This campground is for those that love being deep in the woods and away from people. There is a one lane road in and out, no camp host, with no service or available restrooms for those looking for a campground with those amenities. Sites are small and very woodsy (some nestled within the mountain rocks) but have plenty of distance and privacy between other sites. No one was here when we arrived, so it is a rather desolate place in the Fall/Winter season but I imagine in Summer it’s a perfectly shady campground to stay cool. My favorite site was by the creek, it was roomy with access to a beautiful meadow, views of surrounding mountains, and a creek running through it. For those that love fishing this was a trout hot spot, so many fish in this area and wasn’t crowded like many of the surrounding fishing areas.
Sabrina Campground is the closest to Lake Sabrina without the feel of tourism. This campground is just off the main road and quaint. It is moments away from Lake Sabrina, North Lake, a short drive to South Lake, and about 15-20mins to the closest city Bishop. This campground is so beautiful, perfectly situated next to a creek, and saturated with Aspen trees that are a beauty to see in the Fall season. Every campsite is well maintained, restrooms are kept tidy, and the trash dumping area is well taken care of. Campsites are all first come, first serve. $28 a night for sites and available firewood for purchase with the campground host. There is no store at this campground, so all necessities should be purchased before arriving. This is the perfect getaway for those that love clean mountain air, lake views, waterfalls, fishing, mountain hikes to glacier lakes, and relaxation. With absolutely no cell service it’s just you and nature. It is the perfect getaway.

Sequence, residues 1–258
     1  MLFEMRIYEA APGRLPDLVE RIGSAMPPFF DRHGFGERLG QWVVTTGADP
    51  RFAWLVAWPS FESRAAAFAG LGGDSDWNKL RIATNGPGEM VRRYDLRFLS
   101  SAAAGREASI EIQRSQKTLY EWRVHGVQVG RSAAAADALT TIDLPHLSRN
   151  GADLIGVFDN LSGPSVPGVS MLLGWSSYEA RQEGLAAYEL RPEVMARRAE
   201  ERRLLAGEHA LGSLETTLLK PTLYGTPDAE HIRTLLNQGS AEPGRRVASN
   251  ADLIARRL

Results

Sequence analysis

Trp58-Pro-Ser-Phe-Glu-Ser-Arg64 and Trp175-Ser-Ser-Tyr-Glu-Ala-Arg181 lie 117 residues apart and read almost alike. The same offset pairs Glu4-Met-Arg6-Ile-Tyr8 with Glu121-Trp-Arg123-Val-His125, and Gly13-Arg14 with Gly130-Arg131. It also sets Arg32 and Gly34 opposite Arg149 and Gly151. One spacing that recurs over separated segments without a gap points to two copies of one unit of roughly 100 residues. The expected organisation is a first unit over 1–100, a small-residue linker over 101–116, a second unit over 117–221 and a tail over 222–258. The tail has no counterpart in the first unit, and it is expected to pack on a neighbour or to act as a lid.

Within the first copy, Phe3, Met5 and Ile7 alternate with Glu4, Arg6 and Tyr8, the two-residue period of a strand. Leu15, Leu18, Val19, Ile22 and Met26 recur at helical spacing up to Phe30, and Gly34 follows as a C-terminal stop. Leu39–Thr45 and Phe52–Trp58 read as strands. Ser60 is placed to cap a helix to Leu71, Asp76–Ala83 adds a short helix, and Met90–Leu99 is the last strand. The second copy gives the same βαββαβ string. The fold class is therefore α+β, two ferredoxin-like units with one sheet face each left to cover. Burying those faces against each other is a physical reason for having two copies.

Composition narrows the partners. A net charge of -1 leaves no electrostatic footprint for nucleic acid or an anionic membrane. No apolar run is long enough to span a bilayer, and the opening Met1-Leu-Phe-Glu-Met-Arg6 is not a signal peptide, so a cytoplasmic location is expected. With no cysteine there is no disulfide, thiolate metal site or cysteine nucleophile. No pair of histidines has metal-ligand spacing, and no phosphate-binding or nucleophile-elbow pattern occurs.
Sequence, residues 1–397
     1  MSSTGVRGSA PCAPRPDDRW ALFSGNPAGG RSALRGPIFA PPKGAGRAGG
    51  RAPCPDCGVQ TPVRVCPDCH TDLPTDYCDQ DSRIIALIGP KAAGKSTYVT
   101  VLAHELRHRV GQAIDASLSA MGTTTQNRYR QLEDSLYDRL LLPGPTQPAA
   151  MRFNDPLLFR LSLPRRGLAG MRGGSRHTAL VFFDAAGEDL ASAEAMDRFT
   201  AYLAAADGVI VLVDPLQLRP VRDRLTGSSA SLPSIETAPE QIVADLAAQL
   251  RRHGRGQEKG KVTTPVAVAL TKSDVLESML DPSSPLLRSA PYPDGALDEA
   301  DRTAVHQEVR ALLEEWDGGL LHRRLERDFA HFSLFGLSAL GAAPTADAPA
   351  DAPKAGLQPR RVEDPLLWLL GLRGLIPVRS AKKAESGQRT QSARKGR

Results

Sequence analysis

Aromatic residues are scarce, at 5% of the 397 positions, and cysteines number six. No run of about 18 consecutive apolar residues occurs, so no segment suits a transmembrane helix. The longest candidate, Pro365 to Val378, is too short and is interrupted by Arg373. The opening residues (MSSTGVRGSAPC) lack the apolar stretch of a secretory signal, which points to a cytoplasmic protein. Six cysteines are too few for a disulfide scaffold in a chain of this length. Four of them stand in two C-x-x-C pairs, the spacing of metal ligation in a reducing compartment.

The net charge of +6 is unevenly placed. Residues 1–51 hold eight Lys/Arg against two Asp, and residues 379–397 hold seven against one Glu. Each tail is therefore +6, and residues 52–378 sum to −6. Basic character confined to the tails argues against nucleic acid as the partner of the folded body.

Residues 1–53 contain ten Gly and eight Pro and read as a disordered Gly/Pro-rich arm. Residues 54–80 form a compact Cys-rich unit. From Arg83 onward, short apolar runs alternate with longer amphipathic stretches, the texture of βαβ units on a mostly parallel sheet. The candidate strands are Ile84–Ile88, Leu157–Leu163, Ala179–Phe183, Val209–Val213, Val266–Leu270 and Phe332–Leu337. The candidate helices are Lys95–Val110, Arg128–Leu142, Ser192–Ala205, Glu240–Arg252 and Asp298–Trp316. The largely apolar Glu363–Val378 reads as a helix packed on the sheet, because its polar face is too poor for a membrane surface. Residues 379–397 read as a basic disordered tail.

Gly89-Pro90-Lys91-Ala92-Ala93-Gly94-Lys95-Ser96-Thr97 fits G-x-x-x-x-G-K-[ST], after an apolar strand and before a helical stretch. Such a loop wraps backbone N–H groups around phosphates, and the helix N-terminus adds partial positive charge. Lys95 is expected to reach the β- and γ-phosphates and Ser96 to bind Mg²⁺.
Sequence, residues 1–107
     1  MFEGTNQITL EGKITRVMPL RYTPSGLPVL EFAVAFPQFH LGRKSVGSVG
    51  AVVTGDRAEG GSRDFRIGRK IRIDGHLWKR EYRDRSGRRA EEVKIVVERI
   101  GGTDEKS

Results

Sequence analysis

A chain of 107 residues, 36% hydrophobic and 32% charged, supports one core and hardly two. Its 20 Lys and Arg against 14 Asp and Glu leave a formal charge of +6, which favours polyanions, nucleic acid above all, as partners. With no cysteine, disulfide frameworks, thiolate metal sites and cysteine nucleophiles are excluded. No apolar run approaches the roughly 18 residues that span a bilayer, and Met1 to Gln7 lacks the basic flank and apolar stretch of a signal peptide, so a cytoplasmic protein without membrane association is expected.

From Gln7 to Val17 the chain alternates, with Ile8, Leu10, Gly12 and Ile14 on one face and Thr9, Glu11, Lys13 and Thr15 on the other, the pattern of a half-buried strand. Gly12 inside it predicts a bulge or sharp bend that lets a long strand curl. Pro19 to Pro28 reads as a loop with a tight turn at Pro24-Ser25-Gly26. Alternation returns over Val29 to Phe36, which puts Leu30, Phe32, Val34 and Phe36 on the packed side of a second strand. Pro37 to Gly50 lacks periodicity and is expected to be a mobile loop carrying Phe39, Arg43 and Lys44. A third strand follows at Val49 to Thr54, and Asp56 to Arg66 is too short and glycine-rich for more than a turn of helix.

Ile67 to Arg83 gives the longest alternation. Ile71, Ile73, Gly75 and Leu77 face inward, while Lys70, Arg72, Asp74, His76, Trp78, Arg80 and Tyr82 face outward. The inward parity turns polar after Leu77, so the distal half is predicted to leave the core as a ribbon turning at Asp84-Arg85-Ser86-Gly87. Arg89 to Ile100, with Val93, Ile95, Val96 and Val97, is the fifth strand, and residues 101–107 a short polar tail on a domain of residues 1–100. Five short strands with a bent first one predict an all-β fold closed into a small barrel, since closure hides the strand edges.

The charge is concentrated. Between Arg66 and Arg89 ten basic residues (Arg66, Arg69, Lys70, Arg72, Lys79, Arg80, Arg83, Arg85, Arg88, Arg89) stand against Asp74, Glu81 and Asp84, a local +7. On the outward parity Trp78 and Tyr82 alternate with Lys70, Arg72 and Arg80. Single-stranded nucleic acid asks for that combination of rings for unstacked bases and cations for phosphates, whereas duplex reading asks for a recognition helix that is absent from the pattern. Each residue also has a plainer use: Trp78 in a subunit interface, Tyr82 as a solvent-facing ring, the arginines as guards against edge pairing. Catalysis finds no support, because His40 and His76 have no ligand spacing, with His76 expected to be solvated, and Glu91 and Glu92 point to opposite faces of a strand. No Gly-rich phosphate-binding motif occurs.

For just $8 a night you can enjoy the Eastern Sierras with plenty of room to spare between you and your camping neighbors. This place is a favorite for us, with fishing, snow capped mountains, and the cutest little kangaroo mice I have ever seen! It’s a fun get away and recommended for friends and family. No service here, no store or place to buy firewood at the campground but you’re a stones throw away from Lone Pine a Western town nearby for fishing, food and any other camping needs. Restrooms are available here and are kept clean, just bring a flashlight at night as it is pitch black. In the Summer this place can get pretty toasty and the sun is incredibly strong, I’d recommend taking a canopy with your camping supplies, with little to no trees for shade in this area.